When you're envisioning retirement, chances are you imagine spending your money on trips around the world or spoiling your grandkids.
But while that may be the dream, it's not the reality for millions of retirees. Instead, much of their retirement nest egg is spent on an unavoidable expense that isn't nearly as much fun.
That expense: healthcare costs. Sadly, far too few people plan for it, and failing to do so could be a major mistake.
Most Americans don't factor healthcare into their retirement goals, and that's a big problem
Although Medicare covers some healthcare costs for seniors, the gaps in this popular program are huge. That means retirees can expect large out-of-pocket expenses.
A recent report from the Employee Benefit Research Institute (EBRI) found a senior couple could need as much $325,000 to have a 90% chance of covering their out-of-pocket costs including Medicare premiums and prescription drugs.
Most people planning for retirement don't know that or haven't prepared for it. A different EBRI study found less than a third of Americans have planned for covering healthcare costs in retirement.
If you don't take into account this huge expense, you could end up quickly draining your nest egg.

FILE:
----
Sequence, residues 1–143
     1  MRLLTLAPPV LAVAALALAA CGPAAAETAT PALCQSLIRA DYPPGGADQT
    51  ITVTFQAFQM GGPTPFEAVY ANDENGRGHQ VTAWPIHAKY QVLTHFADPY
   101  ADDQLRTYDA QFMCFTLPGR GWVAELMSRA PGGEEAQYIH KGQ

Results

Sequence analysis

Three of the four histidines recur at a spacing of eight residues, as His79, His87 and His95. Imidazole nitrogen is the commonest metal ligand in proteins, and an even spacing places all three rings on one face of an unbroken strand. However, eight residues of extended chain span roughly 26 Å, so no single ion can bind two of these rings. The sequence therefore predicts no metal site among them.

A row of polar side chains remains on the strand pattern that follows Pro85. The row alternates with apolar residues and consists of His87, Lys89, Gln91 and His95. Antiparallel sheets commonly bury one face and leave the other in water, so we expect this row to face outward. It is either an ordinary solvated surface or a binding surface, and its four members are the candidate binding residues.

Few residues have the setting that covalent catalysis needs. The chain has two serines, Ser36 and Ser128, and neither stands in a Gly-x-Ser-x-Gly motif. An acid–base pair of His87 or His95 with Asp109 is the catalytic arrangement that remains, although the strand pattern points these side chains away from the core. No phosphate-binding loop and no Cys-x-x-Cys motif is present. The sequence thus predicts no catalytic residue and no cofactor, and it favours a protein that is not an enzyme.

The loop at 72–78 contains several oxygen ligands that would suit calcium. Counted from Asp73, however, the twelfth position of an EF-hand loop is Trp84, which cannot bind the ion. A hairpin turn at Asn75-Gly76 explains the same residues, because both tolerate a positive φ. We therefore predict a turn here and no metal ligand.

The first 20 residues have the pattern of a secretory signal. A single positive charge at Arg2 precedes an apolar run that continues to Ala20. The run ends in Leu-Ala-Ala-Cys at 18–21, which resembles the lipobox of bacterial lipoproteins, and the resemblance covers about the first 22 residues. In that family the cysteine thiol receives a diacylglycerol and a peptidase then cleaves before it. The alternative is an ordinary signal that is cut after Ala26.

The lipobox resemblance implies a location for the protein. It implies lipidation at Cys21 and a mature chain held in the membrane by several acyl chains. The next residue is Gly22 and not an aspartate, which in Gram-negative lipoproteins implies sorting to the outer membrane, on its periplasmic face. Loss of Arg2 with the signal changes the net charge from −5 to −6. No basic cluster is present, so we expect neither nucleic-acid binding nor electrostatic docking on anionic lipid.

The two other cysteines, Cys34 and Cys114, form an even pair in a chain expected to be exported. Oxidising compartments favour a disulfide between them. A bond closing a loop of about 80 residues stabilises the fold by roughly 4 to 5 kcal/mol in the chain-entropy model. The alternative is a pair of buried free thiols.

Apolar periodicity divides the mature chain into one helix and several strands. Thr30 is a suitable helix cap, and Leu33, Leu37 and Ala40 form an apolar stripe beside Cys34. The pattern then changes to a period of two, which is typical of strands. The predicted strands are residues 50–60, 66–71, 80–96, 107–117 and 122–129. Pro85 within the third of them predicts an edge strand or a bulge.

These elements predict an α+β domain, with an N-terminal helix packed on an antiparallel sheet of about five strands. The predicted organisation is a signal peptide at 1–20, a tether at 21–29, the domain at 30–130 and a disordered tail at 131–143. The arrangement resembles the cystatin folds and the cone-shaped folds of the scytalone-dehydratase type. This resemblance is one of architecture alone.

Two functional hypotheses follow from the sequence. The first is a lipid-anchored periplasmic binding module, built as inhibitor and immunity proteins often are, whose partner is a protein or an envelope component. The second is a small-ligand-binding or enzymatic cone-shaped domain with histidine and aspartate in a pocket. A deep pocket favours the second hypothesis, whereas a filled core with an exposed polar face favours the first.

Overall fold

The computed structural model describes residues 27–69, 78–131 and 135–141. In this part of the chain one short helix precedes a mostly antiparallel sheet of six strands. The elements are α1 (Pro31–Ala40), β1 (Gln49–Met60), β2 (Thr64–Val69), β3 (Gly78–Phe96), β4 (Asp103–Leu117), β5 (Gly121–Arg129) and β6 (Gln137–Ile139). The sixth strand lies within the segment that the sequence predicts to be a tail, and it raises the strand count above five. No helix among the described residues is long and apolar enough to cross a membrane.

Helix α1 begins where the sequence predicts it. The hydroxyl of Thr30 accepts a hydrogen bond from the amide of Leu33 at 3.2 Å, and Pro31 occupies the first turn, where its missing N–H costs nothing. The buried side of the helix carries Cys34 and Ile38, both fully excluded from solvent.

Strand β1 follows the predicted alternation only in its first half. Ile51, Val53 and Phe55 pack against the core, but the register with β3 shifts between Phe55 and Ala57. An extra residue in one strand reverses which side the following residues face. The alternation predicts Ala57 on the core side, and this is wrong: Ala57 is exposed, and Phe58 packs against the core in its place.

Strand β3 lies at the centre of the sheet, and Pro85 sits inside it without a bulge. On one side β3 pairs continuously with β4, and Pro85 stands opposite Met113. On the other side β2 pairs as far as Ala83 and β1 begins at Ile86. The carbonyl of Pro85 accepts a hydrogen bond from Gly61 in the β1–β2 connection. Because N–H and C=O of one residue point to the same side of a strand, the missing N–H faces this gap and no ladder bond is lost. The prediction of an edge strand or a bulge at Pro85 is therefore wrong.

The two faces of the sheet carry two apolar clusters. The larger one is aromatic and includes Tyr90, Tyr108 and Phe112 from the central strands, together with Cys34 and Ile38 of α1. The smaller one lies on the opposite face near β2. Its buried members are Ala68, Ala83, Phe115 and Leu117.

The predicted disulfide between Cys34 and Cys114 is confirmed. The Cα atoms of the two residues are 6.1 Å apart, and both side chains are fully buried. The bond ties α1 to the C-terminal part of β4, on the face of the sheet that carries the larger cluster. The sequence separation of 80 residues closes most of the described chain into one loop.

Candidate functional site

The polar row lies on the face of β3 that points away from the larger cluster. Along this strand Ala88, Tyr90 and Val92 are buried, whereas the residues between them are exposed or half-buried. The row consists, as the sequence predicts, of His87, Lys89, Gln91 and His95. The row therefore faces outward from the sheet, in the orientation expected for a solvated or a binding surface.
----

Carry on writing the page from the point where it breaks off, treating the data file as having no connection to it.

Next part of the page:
How to save for retirement healthcare costs
Saving for the healthcare you need in retirement isn't something that can wait. You need to begin preparing for your future medical needs as early as possible.
The best way is a health savings account (HSA). These special tax-advantaged accounts enable you to invest with pre-tax dollars and make tax-free withdrawals (as long as the money is used for qualifying medical care). By contrast, retirement savings accounts, such as 401(k)s and IRAs, don't offer tax breaks on both ends. You either get to invest with pre-tax dollars but pay taxes on withdrawals in traditional retirement accounts or invest with after-tax money and benefit from tax-free withdrawals in Roths.
Unfortunately, not everyone can save in an HSA because these accounts are only open to people with qualifying high-deductible health plans. If you aren't eligible, you'll have to save more in your other accounts to fund your future care.
To make sure you have enough, you could use your 401(k) to save for other retirement costs and open a dedicated IRA earmarked for medical needs. That way, you ensure you can cover healthcare without quickly draining the account you need to provide for your other expenses.
Don't leave yourself unprepared for your future medical needs
Spending hundreds of thousands of dollars on healthcare throughout retirement isn't something anyone wants to do. But if that's your reality, the last things you need are financial issues compounding your health concerns.
By saving for medical care throughout your career, you can be prepared so your nest egg will cover any medical services you need.